Trucking news and briefs for Tuesday, Oct. 25, 2022:
Trucking conditions improved in August to near neutral
FTR’s Trucking Conditions Index (TCI) improved slightly in August to -0.25 from the previous -0.7 reading in July.
The marginally stronger trucking conditions were due almost exclusively to falling diesel prices, FTR said. The largest negative factor was financing costs as the Federal Reserve continued to battle inflation through sharp increases in the federal funds rate.
Meanwhile, freight market dynamics were slightly weaker in August than in July, although freight volume was still a tiny positive contributor to the index calculation.
FTR still sees trucking market conditions in a period of moderate weakness at least through 2023.
“Although truck freight dynamics are softening broadly, smaller carriers likely will see a disproportionate negative impact in overall financial conditions due to sharp increases in financing costs and great volatility in diesel prices,” said Avery Vise, FTR’s vice president of trucking. “Because small carriers are less likely to have reliable fuel surcharges in place, they typically feel the effects of changing diesel prices more profoundly than larger carriers do.”
Vise said that while that situation helped in July and August with falling diesel prices, “it will turn out to be a big negative in October at least.” He added that small carriers will also be less likely than larger carriers “to achieve comfortable financing terms for equipment and other needs for capital.”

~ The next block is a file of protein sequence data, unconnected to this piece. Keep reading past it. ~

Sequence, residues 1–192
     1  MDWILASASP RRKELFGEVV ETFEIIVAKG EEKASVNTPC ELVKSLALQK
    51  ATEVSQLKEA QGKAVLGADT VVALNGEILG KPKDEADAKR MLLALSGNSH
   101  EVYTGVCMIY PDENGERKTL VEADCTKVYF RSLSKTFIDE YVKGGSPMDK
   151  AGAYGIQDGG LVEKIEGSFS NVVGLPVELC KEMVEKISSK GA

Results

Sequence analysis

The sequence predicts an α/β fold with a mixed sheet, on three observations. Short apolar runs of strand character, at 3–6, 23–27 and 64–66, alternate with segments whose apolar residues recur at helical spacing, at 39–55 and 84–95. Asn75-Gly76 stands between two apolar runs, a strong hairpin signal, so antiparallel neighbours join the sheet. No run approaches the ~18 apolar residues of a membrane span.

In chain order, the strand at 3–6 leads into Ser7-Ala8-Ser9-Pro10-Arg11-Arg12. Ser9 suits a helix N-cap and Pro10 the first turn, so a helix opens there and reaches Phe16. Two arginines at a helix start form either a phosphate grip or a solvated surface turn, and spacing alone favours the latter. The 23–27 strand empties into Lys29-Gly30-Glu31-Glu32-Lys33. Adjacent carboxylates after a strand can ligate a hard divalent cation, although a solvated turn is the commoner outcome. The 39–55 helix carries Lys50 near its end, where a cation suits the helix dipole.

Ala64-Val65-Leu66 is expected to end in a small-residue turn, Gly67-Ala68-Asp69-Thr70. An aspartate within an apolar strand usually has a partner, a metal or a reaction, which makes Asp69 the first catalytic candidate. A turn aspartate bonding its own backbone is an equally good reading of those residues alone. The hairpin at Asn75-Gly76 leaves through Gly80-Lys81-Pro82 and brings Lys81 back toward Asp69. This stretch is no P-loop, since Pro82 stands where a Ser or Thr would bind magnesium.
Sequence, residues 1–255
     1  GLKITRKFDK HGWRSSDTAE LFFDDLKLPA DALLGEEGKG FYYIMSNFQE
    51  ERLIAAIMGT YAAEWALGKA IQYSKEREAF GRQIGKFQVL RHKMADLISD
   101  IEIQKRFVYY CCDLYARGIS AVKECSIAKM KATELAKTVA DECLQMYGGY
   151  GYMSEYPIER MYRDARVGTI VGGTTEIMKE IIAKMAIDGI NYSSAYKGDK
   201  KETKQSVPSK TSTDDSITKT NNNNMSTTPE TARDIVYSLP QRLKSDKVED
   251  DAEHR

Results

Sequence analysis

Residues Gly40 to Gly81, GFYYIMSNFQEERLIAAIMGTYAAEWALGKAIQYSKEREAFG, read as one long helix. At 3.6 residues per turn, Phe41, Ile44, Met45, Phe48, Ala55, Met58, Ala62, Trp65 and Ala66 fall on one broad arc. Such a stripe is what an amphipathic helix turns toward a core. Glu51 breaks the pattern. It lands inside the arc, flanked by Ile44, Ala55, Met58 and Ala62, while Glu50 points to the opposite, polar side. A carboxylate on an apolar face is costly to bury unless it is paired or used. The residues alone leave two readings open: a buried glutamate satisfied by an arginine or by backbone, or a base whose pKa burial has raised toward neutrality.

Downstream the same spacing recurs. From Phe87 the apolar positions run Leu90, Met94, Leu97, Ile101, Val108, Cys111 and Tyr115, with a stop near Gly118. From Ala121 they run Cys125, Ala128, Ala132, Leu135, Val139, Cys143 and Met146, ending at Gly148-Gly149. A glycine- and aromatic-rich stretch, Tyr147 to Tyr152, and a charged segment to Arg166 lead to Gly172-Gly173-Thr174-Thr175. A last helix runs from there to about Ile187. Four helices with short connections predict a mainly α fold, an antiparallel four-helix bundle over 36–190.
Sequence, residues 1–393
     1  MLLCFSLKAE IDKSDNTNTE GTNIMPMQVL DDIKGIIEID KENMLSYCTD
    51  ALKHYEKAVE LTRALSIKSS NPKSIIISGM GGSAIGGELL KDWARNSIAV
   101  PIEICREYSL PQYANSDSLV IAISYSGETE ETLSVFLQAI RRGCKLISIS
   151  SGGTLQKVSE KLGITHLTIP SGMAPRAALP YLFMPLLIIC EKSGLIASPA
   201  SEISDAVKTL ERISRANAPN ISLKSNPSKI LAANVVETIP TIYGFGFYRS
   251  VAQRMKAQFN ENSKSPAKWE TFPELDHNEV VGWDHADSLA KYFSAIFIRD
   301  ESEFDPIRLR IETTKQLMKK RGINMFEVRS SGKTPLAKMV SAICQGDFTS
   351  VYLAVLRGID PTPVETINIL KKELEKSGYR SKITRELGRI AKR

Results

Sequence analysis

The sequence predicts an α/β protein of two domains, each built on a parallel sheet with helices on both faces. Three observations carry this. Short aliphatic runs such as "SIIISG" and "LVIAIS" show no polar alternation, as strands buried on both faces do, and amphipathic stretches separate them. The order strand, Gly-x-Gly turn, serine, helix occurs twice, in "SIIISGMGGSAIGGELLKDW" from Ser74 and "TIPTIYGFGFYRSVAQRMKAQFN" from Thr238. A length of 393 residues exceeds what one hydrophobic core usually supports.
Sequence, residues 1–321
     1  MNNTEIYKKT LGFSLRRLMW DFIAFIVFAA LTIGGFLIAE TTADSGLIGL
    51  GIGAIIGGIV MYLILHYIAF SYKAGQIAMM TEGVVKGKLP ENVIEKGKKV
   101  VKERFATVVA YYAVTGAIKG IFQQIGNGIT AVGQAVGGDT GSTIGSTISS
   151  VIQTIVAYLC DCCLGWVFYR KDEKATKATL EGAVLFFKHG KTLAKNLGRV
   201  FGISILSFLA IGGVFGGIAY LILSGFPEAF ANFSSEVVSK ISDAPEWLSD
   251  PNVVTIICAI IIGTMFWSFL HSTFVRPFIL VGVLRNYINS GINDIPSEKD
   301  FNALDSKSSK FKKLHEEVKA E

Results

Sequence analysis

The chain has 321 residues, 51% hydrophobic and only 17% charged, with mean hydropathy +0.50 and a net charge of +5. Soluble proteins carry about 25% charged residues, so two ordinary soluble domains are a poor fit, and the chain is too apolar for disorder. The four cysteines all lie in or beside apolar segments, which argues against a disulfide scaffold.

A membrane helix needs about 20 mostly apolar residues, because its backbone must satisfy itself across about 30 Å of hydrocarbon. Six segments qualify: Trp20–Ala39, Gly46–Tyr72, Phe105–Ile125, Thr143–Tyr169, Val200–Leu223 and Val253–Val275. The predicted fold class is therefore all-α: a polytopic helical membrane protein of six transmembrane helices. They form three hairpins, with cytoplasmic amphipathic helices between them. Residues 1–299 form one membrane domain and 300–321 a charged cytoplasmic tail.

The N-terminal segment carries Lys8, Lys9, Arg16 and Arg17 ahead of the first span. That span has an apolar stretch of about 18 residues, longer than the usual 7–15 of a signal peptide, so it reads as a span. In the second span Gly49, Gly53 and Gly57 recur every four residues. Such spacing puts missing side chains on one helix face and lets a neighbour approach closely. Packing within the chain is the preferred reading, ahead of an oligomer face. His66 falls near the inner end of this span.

Digital dash display freezes prompt large Paccar recall
More than 76,000 Kenworth and Peterbilt tractors are being recalled over an issue with the trucks’ digital dash display to freeze and fall out of compliance with Federal Motor Vehicle Safety Standards.
According to National Highway Traffic Safety Administration documents, Paccar is recalling approximately 76,492 vehicles equipped with 15-inch digital dash displays. Affected trucks include certain 2022-2023 Kenworth T680, T880, W990, and Peterbilt 365, 367, 389, 567, and 579 models.
The recall states that the digital display may freeze and not display critical safety information. As such, these vehicles fail to comply with the requirements of Federal Motor Vehicle Safety Standard numbers 101, “Control and Displays” and 102, “Trans Shift Lever Seq/Starter Interlock/Trans Braking Effect.”
Dealers will update the software, free of charge. Owner notification letters are expected to be mailed Dec. 16. Owners can contact Kenworth’s customer service at 1-425-828-5888 and Peterbilt’s customer service at 1-940-591-4220 with recall numbers 22KWK (Kenworth) and 22PBK (Peterbilt). NHTSA’s recall number is 22V-779.
Grammer Logistics acquires Logistics Management Resources
Chemical and industrial gasses hauler Grammer Logistics has acquired Logistics Management Resources (LMR), a Baton Rouge, Louisiana-based provider of third-party logistics services to the chemicals industry across all modes of transportation for more than 40 years.
Grammer CEO Scott Dobak said the acquisition supports the company’s strategy of providing a diversified offering of both asset and non-asset services. “We believe this integrated approach is the future of chemicals logistics,” he said.
Grammer has significantly scaled its footprint, service offering, and operational capabilities in recent years through a combination of strategic acquisitions and organic growth initiatives.
The LMR team will remain with the company, including LMR’s President and CEO Heston Hodges, who will lead Grammer’s transportation management division.
“By combining the expertise of both companies, it creates a win-win combination. All stakeholders will benefit from the additional services that LMR and Grammer will jointly offer to the marketplace,” Hodges said. “Our clients gain access to an internal fleet of highly-specialized drivers and equipment, and the strong carrier relationships we have developed over years will be further supported by the additional opportunities available through the combined platform.”